Previously, I talked about using robots.txt files and canonicalization to direct search engines around your website. Now, let’s finish the discussion with 301 redirects and noindex/nofollow tags.
1. 301 Redirect
This is probably the one you’re most familiar with. A 301 is a status a server responds with that sends search engines and users to a new page if an old one is no longer preferred, passing the value of the established URL to the newly created URL. It is a permanent move, so use it carefully. Why use a 301? Maybe your site moved and URLs changed. Maybe your page has been expired. Or, maybe you have multiple versions of the same page. You can use a 301 redirect in all these cases. Either way, you don’t want to lose the value of the page that is expired, moved, or non-preferred.
You can set up 301 redirects using your server’s .htaccess file, but if your CMS allows you to download a plugin, you can set them up very easily by entering the “old” and “new” URLs. WordPress has a redirection plugin specifically for this. Here are some pretty technical instructions (scroll down to find the “RedirectPermanent Directive.”)
Note: A 302 redirect is a temporary redirect and shouldn’t be used very often. There’s rarely a good time to use a 302. One example of when you might use one is for a product that is temporarily out of stock. You could redirect someone to a category page for the time while the product isn’t available. Again, it’s not ideal, but it would work.
2. “nofollow” and “noindex”
These are similar, so I’ll combine the two. You normally just refer to them as “no follow” and “no index.”
A search engine will crawl (or read) a webpage, follow the links on that page, and index that page in search results unless directed NOT to crawl it (by a robots.txt file). There are some pages that you wouldn’t want a search engine to crawl; for example, a terms and conditions page, the results page of a quiz or a “thanks for playing” page of a game.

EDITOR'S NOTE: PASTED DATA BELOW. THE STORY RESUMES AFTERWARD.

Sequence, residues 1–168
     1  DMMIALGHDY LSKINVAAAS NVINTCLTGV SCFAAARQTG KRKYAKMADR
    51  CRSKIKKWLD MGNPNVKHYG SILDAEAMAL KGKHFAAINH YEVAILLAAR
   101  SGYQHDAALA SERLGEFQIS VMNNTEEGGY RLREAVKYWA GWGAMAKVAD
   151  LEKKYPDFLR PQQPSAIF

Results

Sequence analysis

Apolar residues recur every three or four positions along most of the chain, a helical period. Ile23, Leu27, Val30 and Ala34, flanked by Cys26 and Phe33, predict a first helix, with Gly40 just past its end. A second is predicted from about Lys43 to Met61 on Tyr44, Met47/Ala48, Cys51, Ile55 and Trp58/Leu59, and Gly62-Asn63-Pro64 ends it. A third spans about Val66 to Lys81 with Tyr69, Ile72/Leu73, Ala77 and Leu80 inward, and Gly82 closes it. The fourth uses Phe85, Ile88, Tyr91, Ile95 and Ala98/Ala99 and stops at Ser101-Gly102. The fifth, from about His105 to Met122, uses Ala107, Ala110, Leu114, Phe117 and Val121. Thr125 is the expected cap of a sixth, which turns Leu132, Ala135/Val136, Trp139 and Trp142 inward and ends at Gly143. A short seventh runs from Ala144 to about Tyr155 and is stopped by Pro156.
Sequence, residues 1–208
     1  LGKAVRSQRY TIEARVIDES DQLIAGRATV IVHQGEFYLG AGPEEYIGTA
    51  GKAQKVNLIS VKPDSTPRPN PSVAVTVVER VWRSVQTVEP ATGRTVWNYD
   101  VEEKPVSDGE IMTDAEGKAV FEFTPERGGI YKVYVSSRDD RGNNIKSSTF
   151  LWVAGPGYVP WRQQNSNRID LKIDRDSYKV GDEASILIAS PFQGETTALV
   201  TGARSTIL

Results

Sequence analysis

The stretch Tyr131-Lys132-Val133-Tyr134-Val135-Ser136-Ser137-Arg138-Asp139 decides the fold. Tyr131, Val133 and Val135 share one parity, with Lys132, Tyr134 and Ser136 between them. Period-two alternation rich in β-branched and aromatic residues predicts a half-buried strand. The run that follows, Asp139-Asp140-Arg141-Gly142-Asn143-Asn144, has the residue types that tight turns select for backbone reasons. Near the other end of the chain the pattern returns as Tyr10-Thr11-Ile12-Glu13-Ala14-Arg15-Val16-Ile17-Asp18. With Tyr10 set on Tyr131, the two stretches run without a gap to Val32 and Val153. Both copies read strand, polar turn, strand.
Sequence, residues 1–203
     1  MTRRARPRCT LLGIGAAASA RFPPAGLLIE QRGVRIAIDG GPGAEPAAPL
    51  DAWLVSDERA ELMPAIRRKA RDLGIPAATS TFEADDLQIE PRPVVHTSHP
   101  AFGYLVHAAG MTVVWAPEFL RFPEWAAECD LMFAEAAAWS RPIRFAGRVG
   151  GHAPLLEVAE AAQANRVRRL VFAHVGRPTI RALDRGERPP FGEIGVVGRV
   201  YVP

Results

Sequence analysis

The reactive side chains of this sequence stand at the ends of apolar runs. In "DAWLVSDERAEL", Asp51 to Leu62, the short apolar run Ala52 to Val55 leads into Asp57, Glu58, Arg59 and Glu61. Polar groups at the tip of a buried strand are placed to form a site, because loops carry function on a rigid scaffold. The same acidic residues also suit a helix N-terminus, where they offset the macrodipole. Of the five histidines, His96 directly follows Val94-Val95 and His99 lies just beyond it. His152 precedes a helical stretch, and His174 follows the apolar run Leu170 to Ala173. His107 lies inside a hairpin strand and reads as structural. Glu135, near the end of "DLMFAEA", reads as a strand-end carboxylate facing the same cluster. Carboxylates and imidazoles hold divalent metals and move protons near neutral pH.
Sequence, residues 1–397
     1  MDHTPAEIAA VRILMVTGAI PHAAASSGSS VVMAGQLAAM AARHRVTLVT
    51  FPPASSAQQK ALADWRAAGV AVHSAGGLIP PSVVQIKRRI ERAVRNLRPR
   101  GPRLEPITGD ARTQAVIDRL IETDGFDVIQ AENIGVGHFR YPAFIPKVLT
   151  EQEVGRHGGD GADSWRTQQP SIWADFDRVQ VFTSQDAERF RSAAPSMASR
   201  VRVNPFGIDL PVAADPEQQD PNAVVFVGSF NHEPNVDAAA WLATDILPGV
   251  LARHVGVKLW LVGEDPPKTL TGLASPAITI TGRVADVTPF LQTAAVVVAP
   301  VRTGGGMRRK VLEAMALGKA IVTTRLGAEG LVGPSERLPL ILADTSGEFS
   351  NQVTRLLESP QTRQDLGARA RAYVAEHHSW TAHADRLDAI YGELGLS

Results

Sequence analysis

Then you use these tags. You simple add them to the <head> section of your page:
<meta name=”robots” content=”noindex”>
<meta name=”robots” content=”nofollow”>
Or combine them: <meta name=”robots” content=”noindex, nofollow”>
The no index tag tells a search engine not to include that page in search results. The no follow tag tells the search engine not to follow and pass value to links on that page.
Tools you should be using:
I’m planning upcoming blogs on each of these, but in the meantime, here are some tools you should use (they’re free!):
- Webmaster Tools: Set up robots.txt files, submit sitemaps, receive messages from Google about your website, and see what’s going on behind the scenes of your website.
- Screaming Frog: Run a report on any website to see which URLs are actually being seen by search engines (you’ll be surprised), and easily get a list of 404 errors found on your website.
- Open Site Explorer: Find out what sites are linking to yours
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Laura Lee – Account Manager